Even as her core shook at what could have possibly happened, the mother in her rapidly got down to formulating "a programme so that my daughter would not do this again."
You can feel her pain when she says, "When she did try what she tried, I was completely unaware. And that's what has actually broken my heart that I, as a mother, who is so all pervasive, who is so loving, so vigilant.... I didn't know. That has broken my heart. I mean, like, how did I not know!"
Alia steels herself to read a diary entry from a few months ago when Shaheen found herself again feeling suicidal.
(Alia references Shaheen’s diary entry when she was 13; if you'd like to watch that, do click here.)
Before depression got its claws into Shaheen, both sisters agree she was a different person.
Outgoing. Vibrant. A natural in front of the camera.
The Shaheen today has been moulded by her battle with depression.
While it has made her stronger in many ways, it has also left her with a lot of what-ifs.
What helps her, Shaheen says, is talking about it.
"I've been in and out of both talk therapy as well as the psychiatrist's office. Certain medications work for me, certain medications don't. But talk therapy really works for me."
The challenge, she says, was to find people who could "contain" what she had to say.
"Often, when you talk to somebody, they respond with anxiety. They respond with stress. Then you feel guilty about talking. It feels like I shouldn't be doing this to this person. Obviously, it is too stressful for them."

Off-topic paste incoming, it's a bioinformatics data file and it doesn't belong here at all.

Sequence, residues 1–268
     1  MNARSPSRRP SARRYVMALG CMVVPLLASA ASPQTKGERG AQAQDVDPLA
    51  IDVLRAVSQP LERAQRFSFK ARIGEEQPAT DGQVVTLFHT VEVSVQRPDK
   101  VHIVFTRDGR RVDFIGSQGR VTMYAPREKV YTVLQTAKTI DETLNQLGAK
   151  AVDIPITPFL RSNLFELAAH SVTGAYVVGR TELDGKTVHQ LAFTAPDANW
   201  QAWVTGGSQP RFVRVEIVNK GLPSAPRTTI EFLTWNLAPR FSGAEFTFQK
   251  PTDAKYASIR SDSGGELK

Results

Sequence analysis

"If I say I'm feeling like shit today, I'm feeling suicidal today, rather than bursting out crying, the better thing to say is, 'Okay, it's that kind of day' I understand. Do you want me to stay home with you? What do you want? What do you need from me?"
"It's not easy. It requires immense practice and patience. You're learning how to deal with something. You're learning to tolerate what somebody else has to say."
The other challenge, says Shaheen, is that she has to "constantly tweak and alter things because what worked for last month will not work for me next month."
Exercise, she says, helps. But there are days when "I couldn't possibly... I'm too depressed to get out of bed, I can't go workout. But when you're able to it really helps."
What doesn't help is shoving it, so to speak, under the carpet. Conversation about depression and its devastating effects, need to become part of public discourse, a point the Bhatt family -- including Pooja Bhatt -- are firm about.
Families too, say the sisters, have to learn how to deal with depression.
"Listen," says Alia. "Look into the person's eyes and just hear them out. Sometimes, they don't even want a response. They just want you to know that you are hearing them.
"It's like... I hear you. I don't understand it. I never felt it. But I hear you.